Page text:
‘Where Did I Leave That Fire?’ asks Neko Case on the penultimate song on her sixth solo studio album, the long-awaited follow-up to 2009’s double Grammy-winning ‘Middle Cyclone’.
The good news is that it burns as fiercely as ever on these 12 songs, with Case’s creativity and individuality equally undimmed. The 42-year-old’s style has often been labelled “country-noir”, though only the second half of that description is particularly applicable on ‘The Worse Things Get…’ as she veers frequently into folk-rock territory – perhaps unsurprisingly given collaborations from members of My Morning Jacket and her fellow New Pornographers bandmates.
The prolific M Ward returns as well, providing guitar parts including on lead-off single ‘Man’, on which Case puzzlingly states “I’m a man’s man, I’ve always been” (the accompanying promotional photograph shows Case in full cowboy get-up, complete with a fine moustache). Though she goes on to claim “I’m not an identity crisis”, we find her two songs later as a “Friday night girl” while ‘Bracing For Sunday’.
The latter forms one of a stand-out pair of songs in the middle of the album and includes the disarming lyric “I only ever held one lover, her name was Mary-Anne. She died having a child by her brother. He died because I murdered him.” Coupled with her warning on ‘Man’ that “Those fat-fingered bullies were no match for me, I still taste them in my teeth”, we can surely put to bed those fears over the whereabouts of Case’s fire.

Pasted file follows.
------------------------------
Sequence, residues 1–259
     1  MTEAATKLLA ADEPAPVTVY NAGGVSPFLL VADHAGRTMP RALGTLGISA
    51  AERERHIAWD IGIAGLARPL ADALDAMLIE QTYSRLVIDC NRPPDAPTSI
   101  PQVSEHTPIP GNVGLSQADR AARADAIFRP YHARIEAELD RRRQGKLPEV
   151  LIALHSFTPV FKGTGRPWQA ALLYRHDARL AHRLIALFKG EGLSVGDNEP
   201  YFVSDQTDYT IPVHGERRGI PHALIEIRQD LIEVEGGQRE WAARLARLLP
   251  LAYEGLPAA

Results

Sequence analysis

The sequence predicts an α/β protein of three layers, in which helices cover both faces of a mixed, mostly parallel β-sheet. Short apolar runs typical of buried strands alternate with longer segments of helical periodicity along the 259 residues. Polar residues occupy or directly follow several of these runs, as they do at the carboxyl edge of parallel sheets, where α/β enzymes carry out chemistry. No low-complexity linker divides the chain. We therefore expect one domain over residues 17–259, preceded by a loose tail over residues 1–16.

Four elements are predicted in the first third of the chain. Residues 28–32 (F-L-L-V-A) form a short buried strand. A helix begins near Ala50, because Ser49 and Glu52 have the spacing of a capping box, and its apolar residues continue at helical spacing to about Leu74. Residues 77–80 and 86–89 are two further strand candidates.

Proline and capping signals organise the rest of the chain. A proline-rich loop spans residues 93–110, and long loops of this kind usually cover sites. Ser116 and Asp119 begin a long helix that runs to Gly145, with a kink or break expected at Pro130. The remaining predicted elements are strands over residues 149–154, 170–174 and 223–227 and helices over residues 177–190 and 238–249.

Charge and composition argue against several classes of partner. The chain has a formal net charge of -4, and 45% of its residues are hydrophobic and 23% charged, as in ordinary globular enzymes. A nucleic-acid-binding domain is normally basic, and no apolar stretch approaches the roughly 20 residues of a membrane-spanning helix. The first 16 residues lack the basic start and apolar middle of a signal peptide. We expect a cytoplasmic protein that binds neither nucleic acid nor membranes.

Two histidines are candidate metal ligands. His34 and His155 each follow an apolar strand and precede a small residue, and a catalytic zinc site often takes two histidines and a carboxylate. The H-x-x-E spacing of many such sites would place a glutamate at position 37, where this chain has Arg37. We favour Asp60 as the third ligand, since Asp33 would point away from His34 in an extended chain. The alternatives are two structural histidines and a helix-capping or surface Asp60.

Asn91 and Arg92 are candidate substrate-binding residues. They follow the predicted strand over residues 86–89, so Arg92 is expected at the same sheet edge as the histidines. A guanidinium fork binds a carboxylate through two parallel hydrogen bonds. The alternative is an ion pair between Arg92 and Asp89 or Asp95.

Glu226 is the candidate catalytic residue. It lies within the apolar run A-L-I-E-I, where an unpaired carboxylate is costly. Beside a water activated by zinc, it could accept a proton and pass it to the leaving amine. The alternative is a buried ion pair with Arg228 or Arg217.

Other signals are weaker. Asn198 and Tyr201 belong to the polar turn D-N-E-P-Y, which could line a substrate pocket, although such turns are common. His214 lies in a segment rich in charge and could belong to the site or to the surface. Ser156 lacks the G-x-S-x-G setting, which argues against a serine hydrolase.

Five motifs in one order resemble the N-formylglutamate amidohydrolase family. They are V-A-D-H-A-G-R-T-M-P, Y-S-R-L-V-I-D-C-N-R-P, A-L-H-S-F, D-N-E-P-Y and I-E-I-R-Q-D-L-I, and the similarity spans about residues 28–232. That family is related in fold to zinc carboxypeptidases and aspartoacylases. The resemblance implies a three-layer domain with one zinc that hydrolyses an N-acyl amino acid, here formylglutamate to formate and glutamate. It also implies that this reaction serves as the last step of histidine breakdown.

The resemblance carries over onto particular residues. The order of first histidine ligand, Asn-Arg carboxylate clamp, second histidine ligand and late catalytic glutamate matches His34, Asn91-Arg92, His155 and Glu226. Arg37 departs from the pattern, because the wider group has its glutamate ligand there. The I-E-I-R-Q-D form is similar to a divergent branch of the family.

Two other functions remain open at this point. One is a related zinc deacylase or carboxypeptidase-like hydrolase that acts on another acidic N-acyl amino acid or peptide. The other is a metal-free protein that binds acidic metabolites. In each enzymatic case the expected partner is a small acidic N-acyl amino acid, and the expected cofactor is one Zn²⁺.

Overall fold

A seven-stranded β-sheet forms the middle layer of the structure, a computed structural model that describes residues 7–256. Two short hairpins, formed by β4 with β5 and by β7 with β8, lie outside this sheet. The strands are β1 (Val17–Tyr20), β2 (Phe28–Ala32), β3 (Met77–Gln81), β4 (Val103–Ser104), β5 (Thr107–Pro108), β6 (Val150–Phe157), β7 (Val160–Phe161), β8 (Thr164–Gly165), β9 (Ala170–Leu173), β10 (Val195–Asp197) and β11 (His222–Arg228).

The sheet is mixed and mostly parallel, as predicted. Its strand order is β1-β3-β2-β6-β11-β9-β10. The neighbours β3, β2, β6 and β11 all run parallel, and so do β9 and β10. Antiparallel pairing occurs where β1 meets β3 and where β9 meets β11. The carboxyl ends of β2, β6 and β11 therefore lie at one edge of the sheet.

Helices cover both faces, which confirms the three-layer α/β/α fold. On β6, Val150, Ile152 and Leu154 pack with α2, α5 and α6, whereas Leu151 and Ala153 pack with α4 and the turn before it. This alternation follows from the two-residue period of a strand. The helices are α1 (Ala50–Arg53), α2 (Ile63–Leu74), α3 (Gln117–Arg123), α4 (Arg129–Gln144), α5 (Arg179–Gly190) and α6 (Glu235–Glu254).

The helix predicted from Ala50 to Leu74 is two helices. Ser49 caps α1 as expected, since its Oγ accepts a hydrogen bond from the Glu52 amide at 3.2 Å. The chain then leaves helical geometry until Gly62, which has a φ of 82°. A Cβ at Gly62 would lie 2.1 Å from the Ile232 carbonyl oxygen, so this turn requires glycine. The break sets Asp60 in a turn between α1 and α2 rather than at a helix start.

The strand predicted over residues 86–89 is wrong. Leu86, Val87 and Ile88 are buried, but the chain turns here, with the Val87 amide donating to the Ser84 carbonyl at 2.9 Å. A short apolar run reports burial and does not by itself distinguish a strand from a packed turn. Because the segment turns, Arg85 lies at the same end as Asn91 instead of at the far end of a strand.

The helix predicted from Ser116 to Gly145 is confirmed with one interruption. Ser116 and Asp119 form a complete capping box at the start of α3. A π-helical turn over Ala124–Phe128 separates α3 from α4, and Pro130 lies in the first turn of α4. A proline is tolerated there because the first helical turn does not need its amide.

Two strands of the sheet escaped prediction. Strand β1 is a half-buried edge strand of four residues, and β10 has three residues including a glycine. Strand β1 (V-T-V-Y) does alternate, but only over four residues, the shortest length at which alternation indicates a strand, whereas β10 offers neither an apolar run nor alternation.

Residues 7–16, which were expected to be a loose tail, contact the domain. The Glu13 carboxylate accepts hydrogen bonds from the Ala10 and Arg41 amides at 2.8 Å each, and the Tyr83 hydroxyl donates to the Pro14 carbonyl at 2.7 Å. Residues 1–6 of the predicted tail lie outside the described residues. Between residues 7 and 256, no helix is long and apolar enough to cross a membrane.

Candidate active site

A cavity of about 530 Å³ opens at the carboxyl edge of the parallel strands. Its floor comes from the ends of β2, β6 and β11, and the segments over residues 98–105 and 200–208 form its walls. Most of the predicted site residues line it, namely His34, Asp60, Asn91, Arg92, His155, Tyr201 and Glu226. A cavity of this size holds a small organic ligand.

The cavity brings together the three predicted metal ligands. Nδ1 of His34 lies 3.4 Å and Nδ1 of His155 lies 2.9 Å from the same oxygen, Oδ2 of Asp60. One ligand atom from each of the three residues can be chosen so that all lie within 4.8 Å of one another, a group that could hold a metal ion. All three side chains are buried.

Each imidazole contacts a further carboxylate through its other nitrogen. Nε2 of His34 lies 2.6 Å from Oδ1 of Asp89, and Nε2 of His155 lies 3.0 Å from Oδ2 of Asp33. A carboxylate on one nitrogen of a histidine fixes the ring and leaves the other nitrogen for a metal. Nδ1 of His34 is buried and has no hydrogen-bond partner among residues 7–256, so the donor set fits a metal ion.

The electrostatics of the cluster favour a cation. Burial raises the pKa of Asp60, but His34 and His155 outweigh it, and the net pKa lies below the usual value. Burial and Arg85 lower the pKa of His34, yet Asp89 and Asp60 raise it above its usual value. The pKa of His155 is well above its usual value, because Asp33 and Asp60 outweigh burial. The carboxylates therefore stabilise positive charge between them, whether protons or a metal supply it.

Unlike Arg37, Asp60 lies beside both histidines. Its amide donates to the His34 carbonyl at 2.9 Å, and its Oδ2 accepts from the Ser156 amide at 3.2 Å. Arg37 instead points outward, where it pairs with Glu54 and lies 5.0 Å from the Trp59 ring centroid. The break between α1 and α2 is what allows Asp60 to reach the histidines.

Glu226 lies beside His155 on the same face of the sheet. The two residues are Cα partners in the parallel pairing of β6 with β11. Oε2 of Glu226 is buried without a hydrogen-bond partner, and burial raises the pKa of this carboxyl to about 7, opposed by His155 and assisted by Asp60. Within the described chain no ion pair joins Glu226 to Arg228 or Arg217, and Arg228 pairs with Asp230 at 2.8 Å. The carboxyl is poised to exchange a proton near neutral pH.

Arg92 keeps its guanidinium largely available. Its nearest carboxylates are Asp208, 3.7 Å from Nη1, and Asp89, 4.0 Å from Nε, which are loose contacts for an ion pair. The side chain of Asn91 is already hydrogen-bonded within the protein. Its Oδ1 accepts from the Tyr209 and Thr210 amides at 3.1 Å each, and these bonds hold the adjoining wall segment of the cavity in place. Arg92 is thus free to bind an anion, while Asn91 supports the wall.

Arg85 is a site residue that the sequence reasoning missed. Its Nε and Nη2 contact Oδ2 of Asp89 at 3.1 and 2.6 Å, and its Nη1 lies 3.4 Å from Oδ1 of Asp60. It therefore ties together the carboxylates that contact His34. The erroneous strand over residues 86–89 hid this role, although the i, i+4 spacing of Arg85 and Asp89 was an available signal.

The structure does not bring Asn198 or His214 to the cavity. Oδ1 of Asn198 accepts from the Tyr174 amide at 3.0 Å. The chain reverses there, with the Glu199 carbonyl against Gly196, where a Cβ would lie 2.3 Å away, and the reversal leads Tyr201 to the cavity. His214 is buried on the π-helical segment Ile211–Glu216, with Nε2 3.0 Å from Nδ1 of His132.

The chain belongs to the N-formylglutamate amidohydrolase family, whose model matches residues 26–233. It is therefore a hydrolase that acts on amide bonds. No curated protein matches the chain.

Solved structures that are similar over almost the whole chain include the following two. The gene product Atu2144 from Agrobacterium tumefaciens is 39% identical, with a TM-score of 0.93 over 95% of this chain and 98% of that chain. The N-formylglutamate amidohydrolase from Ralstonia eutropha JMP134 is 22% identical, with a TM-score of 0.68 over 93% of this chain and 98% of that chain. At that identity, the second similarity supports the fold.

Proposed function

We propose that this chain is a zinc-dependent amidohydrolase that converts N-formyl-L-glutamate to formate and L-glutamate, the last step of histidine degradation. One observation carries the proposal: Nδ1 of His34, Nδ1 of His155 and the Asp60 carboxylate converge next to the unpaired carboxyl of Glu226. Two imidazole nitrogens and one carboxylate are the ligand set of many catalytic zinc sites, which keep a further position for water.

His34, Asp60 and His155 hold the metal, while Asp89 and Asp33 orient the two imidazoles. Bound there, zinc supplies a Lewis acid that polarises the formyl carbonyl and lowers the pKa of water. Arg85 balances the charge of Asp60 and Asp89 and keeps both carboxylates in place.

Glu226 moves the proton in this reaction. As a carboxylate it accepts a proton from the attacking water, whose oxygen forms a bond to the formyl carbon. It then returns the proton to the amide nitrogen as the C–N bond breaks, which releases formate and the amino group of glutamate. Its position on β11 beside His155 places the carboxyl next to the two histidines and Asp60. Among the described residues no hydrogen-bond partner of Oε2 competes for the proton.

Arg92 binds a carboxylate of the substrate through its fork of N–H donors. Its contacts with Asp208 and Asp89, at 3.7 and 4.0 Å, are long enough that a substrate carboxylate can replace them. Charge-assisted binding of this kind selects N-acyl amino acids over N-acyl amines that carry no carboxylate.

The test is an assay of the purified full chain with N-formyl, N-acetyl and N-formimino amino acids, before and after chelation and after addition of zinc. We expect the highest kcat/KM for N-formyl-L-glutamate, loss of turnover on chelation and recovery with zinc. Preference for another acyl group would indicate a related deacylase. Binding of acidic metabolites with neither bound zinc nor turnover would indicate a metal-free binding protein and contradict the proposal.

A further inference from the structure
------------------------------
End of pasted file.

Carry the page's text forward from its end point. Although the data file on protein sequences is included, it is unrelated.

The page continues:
Following ‘Bracing For Sunday’ is ‘Nearly Midnight, Honolulu’, an astonishing a cappella piece dealing with the lack of, or craving for, parental love. The arresting line “Just get the f*** away from me. Don’t you ever shut up?” was apparently inspired by hearing a mother yell just that in response to her young daughter’s singing, bringing home to Case the emotions towards her own late parents tied up in her feeling that she “just wasn’t really parented, per se”.
Equally haunting is ‘Where Did I Leave That Fire?’ itself, its curious clangs and underwater bloops representative of the depressive fog (“I wanted so badly not to be me”) from which Case emerged to create an outstanding and at times mesmerising album.
words: Tom White